In W.B. Yeat’s poem Supernatural Songs, part IX of the poem presents his “theory” of the human life cycle in poetic form. According to Yeats, there are four stages of life or “ages of man” that relate respectively to body, heart, mind, and soul. The first age recalls infancy, as the baby struggles to walk and to take its place among other upright human beings. The second age seems to echo adolescence, as the innocence and peace of childhood gives way to a mighty battle of the emotions. The third age recalls adult maturity, as the storms of adolescence give way to the adventures of the mind. The fourth, and final age, alludes to late adulthood, when spiritual concerns take front stage, and also to death, when the struggle for the soul is ultimately resolved. Here are the lines:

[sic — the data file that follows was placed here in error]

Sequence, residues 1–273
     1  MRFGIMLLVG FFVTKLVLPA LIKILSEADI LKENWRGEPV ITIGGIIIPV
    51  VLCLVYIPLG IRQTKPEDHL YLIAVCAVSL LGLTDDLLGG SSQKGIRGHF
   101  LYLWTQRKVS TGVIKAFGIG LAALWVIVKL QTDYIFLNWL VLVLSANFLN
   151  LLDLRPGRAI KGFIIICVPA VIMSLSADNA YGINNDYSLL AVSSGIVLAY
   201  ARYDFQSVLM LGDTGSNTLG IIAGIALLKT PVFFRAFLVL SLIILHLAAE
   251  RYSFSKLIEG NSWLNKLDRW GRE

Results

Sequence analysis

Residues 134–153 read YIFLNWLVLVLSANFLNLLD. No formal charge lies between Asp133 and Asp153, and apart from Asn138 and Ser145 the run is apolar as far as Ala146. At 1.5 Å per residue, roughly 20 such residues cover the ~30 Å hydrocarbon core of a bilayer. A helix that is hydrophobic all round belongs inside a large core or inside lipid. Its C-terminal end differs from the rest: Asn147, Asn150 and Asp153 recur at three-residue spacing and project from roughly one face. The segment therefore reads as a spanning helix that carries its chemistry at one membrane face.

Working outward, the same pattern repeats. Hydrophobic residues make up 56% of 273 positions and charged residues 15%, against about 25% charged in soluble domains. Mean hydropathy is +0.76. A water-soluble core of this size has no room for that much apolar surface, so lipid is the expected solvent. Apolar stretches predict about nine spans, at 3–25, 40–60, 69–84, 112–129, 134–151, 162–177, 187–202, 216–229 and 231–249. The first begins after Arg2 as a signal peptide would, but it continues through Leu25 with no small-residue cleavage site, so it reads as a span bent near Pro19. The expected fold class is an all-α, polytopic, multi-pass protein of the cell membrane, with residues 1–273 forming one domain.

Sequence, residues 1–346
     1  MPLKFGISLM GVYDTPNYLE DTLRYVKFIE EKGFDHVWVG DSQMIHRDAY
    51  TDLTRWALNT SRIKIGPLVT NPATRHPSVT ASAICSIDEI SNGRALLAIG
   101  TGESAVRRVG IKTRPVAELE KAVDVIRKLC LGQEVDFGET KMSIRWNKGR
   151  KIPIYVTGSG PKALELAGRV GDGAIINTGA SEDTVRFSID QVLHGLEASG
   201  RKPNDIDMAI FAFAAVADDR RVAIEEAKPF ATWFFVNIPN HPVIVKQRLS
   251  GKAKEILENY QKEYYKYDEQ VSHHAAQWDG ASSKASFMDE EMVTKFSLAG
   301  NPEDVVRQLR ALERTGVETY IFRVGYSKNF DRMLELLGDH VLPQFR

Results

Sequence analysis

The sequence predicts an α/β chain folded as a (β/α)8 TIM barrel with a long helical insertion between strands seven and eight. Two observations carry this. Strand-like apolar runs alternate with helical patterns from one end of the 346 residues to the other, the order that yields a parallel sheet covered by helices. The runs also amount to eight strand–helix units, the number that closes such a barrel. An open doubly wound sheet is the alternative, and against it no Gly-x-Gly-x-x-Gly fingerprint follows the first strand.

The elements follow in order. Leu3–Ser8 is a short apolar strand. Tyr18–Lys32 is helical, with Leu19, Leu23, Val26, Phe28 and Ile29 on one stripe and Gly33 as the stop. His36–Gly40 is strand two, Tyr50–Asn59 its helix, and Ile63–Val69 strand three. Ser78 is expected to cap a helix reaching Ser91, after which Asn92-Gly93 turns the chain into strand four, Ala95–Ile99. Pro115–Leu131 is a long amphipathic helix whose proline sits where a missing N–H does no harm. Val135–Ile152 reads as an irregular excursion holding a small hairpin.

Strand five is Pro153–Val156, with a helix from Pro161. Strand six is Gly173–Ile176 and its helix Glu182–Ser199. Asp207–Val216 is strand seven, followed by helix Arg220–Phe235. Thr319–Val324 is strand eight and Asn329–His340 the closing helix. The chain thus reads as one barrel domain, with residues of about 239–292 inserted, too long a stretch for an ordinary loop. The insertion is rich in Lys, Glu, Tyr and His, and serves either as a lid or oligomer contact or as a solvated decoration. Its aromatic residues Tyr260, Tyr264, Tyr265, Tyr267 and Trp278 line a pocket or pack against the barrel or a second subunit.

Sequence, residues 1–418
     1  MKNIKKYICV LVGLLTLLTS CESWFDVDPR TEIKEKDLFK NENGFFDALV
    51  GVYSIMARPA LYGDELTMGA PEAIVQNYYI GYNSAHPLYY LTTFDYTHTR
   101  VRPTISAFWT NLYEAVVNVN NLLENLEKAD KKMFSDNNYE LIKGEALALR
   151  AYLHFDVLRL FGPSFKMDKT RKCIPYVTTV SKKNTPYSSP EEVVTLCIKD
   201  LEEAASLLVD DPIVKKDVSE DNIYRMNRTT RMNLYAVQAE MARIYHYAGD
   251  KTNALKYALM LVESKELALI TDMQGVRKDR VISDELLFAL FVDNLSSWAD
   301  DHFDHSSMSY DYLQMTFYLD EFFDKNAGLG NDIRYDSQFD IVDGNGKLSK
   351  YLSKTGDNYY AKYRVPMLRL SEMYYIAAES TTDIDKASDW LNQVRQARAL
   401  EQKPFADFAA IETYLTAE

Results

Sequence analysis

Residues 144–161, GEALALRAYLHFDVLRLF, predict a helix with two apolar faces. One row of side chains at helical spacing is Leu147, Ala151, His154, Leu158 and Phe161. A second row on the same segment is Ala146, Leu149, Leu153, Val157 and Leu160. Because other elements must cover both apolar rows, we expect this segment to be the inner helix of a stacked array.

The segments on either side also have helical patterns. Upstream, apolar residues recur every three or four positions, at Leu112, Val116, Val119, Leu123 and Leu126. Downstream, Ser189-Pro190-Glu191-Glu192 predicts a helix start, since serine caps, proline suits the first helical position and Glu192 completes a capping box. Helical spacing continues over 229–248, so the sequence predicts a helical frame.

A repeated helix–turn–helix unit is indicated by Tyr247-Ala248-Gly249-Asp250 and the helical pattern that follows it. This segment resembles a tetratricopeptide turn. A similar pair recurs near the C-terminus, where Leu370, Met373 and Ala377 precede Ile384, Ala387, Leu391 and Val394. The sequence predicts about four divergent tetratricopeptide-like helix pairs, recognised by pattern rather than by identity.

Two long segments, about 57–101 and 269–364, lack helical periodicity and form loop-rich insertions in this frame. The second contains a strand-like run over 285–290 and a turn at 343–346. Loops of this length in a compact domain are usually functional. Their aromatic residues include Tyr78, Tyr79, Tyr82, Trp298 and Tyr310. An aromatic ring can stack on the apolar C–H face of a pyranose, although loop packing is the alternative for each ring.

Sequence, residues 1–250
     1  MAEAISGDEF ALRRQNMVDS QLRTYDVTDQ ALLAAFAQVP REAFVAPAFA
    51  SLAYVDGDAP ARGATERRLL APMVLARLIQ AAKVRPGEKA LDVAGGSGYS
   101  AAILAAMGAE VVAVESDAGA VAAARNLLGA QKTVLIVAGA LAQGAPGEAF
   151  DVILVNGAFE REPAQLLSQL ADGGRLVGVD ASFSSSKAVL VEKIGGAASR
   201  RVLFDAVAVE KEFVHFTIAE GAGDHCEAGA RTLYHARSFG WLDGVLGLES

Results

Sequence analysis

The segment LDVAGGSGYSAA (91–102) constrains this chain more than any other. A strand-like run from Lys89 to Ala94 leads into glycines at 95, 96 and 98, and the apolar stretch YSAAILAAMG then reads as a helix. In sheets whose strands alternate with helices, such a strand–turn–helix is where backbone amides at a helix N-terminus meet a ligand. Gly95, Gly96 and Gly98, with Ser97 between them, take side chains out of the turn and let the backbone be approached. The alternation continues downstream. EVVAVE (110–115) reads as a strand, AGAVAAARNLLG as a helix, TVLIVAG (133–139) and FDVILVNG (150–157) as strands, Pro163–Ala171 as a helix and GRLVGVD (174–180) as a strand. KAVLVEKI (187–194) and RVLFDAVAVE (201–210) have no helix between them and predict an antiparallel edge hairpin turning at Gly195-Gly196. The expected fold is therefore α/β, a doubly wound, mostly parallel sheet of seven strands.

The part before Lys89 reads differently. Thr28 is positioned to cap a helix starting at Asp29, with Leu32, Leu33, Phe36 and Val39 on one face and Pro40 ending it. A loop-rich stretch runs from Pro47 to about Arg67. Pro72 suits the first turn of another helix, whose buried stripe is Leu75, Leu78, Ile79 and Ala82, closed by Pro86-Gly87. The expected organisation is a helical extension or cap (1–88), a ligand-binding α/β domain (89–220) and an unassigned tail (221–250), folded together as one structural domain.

IX. The Four Ages of Man
He with body waged a fight,
But body won; it walks upright.
Then he struggled with the heart;
Innocence and peace depart.
Then he struggled with the mind;
His proud heart he left behind.
Now his wars on God begin;
At stroke of midnight God shall win.
From William Butler Yeats, Supernatural Songs (in Parnell’s Funeral and Other Poems, 1935)
For more about the stages of life in cultures and traditions, see Thomas Armstrong, The Human Odyssey: Navigating the Twelve Stages of Life (Ixia Press, 2019)
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